Chapter

Estonia and Latvia: International Influences on Citizenship and Minority Integration

Vello Pettai

in Democratic Consolidation in Eastern Europe Volume 2: International and Transnational Factors

Published in print June 2001 | ISBN: 9780199244096
Published online November 2003 | e-ISBN: 9780191600371 | DOI: http://dx.doi.org/10.1093/019924409X.003.0010

Series: Oxford Studies in Democratization

 Estonia and Latvia: International Influences on Citizenship and Minority Integration

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Argues that the Baltic states, mainly Estonia and Latvia, represent examples of the complicated sequence of endogenously derived transition and exogenously influenced consolidation. These democratic transitions set certain parameters for their subsequent democratic consolidation. In particular, Estonia and Latvia opted for a nationalist, ‘legal restorationist’ view of independence. This interpretation of transition represented a somewhat problematic combination of two paths towards redemocratization—‘society‐led regime termination’ and ‘internal restoration after external reconquest’. The first section of this chapter examines this apparent contradiction. The second part examines the Estonian and Latvian cases, focusing on the major international actors involved in these transitions and the mechanisms of their engagement up to early 2000. In conclusion, it is argued that international influences (mainly from the European Union) have increased as the two countries have integrated more closely with the West. Overall, this case study of Estonia and Latvia argues that the specific path a country chooses towards democratic transition is likely to create certain path‐dependent problems that it (and the rest of the democratic community) will ultimately have to face during democratic consolidation.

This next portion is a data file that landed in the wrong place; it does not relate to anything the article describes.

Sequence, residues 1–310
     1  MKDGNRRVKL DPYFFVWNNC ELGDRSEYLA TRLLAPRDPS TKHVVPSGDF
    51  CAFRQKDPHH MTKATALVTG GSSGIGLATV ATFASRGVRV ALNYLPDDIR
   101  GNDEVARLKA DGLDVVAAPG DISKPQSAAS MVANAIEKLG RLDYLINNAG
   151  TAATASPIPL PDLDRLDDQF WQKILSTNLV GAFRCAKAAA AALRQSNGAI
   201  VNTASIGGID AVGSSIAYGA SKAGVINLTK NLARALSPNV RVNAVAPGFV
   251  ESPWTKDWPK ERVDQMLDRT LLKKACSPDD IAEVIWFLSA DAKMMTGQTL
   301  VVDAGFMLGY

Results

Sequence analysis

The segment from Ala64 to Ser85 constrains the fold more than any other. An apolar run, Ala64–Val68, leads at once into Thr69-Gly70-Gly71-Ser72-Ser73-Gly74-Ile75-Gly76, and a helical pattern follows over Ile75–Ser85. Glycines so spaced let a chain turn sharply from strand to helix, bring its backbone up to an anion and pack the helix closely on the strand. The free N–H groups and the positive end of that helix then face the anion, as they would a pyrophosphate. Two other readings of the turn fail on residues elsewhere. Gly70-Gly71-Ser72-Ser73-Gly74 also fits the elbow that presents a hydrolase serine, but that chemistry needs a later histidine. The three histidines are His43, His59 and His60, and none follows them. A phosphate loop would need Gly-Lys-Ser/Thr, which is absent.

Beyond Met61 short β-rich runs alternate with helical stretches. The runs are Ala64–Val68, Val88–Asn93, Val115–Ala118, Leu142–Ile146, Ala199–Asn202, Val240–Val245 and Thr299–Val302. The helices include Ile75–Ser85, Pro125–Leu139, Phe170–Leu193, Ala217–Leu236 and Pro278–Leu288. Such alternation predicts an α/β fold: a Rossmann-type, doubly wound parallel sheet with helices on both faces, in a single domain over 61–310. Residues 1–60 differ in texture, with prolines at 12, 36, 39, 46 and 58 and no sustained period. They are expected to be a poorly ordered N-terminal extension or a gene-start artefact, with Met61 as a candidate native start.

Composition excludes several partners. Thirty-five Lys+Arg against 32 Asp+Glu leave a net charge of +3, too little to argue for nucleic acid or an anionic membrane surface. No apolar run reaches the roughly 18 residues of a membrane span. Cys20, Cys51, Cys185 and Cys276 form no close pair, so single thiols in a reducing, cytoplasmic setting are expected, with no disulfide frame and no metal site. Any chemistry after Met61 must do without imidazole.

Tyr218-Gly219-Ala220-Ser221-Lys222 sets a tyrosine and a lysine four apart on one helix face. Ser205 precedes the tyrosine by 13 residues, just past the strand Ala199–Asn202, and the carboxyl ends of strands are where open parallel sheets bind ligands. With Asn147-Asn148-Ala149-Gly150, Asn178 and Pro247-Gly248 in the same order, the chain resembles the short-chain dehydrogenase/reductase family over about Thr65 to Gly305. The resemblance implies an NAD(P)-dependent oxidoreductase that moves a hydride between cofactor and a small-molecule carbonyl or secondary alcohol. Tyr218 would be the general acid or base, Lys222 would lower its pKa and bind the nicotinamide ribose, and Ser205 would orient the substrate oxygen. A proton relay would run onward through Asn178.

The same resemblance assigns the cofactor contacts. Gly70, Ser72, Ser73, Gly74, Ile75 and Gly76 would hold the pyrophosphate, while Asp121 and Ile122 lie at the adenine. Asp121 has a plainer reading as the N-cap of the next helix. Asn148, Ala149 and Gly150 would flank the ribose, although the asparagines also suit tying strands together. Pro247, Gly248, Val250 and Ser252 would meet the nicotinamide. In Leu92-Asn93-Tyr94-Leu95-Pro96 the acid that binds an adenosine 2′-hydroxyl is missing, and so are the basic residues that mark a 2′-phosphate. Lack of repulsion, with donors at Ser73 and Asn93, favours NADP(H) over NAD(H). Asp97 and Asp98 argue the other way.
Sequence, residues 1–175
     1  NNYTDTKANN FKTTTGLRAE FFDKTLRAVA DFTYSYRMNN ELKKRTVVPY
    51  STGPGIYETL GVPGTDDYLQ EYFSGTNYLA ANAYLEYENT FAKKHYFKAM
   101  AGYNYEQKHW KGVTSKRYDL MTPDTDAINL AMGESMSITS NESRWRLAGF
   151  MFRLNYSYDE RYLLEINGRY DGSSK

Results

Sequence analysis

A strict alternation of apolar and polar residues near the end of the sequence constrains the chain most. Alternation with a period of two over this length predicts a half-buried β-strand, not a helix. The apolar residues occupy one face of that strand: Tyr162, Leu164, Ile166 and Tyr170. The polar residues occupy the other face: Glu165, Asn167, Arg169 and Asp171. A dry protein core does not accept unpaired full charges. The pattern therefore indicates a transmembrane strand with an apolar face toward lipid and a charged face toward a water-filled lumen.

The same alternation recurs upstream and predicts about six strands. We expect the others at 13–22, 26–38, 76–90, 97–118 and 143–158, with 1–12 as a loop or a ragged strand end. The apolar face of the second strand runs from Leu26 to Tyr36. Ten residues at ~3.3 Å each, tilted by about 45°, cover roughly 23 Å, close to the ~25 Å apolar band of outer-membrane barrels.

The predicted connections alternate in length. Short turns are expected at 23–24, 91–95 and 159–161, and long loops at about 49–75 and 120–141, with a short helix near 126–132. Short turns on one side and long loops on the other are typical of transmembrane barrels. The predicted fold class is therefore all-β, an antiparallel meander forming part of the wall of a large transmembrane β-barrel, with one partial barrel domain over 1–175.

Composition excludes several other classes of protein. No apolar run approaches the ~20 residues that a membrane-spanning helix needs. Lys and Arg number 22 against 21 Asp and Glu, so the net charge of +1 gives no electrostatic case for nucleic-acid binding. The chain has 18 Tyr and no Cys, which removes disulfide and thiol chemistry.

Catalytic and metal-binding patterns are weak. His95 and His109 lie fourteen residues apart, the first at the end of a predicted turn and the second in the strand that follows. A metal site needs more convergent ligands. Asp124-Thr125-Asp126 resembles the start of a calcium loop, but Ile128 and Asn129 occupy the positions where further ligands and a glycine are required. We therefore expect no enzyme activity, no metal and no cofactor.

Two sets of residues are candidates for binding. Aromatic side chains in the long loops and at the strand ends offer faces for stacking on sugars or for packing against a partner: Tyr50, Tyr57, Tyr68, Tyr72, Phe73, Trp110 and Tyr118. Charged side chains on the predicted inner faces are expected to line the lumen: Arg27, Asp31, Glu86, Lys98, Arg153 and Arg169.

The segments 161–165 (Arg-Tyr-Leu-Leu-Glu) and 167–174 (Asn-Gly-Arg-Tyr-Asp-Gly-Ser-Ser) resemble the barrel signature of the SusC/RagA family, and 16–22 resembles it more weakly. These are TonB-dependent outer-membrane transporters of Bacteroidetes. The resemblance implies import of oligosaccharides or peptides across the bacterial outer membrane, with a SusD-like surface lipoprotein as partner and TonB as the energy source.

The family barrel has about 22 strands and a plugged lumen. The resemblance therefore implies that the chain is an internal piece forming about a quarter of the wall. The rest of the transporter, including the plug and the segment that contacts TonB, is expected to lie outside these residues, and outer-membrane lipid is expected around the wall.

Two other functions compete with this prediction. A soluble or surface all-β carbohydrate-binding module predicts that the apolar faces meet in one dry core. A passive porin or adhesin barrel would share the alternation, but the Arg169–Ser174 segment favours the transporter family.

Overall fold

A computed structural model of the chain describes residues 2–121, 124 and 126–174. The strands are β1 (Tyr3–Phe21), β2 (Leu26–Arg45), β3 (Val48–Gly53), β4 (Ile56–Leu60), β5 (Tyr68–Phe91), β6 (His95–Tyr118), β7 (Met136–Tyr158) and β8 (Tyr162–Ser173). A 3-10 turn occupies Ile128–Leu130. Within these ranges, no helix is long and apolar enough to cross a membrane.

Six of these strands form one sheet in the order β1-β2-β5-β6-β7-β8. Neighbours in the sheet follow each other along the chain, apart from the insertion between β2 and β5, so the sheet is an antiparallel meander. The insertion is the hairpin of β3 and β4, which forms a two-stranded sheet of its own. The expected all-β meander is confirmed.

Keywords: Baltic states; democratic consolidation; democratic transition; Estonia; international influences; Latvia; nationalism; path dependency; redemocratization; restoration

Chapter.  9811 words. 

Subjects: Politics

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